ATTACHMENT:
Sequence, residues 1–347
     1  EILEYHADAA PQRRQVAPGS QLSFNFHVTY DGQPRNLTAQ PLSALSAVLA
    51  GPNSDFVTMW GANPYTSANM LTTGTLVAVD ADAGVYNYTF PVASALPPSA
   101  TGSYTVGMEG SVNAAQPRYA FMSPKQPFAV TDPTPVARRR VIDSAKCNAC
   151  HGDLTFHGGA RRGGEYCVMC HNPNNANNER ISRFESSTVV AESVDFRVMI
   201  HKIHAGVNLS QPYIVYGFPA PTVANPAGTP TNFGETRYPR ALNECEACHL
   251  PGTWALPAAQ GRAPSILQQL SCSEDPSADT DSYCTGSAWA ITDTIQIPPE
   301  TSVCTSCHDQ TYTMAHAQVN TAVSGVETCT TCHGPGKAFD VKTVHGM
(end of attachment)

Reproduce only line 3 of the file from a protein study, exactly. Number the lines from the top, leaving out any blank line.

    51  GPNSDFVTMW GANPYTSANM LTTGTLVAVD ADAGVYNYTF PVASALPPSA